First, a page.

But really, the joy of this release lies in two core elements.

First, the script from David Llewellyn, which takes a classic play, a very specific moment in time (the impending election of Margaret Thatcher as Prime Minister and the end of so many eras), and a handful of Soho archetypes, then gives the whole thing a twist that, if it’s lacking in Torchwood personnel, is full of Torchwood eeriness.

And secondly, Murray Melvin (who might well have an anecdote or two of this time and place). He skips through this story with unabashed relish, adding to the perpetual and evolving oddness and mystery that is Bilis Manger. It’s delicious that, like some of his other recent Torchwood audio appearances, this is a Bilis (at least from our point of view) from before he runs into the Cardiff Torchwood gang (and indeed, while some of them will still have been babies).

As such, he feels like a freer agent here, but has still managed to get himself into trouble – which is why there are dead Bilis Mangers littering not only late Seventies London, but other times and places too. The demand we make is that this be explicable, but both Bilis, and to some extent Murray Melvin and David Llewellyn too, chuckle mischievously at this demand. No, they say. We have no obligation to have it make sense for you. Accept it on its own terms, or not at all.

And if you buy into it, if you do the deal and accept Dead Plates on its own terms, it will deliver you the highlight of your Torchwood year so far, because a lot of Big Finish stars come into alignment here to give you an excellent, creepy, whimsical, murderous time. And that’s a hell of a good way to spend an hour of your life. While you have it.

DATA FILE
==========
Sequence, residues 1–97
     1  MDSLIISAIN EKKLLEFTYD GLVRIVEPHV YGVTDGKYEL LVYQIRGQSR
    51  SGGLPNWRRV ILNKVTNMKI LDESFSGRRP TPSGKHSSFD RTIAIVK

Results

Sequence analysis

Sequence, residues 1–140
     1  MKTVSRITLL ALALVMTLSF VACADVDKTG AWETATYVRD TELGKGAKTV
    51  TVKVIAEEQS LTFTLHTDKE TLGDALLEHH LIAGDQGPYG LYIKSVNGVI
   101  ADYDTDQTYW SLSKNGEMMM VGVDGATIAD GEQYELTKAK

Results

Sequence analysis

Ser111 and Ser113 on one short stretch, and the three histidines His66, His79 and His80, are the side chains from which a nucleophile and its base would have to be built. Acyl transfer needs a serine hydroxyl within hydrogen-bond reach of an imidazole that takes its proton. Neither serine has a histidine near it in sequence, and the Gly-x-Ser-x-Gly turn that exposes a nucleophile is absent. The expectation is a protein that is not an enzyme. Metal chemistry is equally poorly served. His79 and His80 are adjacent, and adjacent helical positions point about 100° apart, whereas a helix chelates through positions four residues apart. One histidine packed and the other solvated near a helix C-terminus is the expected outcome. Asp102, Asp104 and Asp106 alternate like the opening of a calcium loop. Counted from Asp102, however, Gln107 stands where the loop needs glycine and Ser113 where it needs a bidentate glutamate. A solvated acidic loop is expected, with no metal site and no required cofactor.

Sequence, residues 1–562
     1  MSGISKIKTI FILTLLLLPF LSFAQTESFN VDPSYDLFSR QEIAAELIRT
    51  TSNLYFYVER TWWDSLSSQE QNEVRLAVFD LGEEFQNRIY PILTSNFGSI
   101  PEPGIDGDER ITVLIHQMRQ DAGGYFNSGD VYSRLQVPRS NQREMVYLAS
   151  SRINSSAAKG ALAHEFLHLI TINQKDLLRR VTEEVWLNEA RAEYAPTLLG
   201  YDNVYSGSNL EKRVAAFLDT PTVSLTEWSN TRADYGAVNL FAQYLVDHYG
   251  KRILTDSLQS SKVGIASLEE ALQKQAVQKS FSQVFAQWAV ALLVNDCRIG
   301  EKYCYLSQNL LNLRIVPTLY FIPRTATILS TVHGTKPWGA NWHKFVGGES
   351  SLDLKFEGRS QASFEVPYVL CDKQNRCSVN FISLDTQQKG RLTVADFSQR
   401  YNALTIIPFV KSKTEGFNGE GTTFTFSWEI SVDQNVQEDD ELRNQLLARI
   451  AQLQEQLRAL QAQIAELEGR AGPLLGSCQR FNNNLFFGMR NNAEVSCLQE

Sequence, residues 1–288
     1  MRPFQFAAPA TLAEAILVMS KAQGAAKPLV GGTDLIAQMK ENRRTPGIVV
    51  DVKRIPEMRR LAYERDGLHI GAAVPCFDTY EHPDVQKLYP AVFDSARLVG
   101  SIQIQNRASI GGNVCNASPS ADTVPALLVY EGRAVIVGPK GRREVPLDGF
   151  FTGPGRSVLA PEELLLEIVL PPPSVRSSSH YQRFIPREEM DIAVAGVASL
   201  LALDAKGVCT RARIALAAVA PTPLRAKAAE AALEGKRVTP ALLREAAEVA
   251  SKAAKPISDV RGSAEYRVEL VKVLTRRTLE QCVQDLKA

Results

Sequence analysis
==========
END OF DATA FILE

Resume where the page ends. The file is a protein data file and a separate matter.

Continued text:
Torchwood: Dead Plates is exclusively available to buy from the Big Finish website until 31 August 2022, and on general sale after this date.

Tony Fyler lives in a concrete cave, somewhere on the edge of the sea, with his wife, who exists, and the Fictional People In His Head, who don't as yet. A journalist and editor by day, he has written Some Books, and is more or less always writing another. One day, he may even get around to showing them to people. In the meantime, he's Script Editor and occasional Executive Producer at Third Time Lucky Productions, and a proud watcher of things no-one remembers they remember until they remember.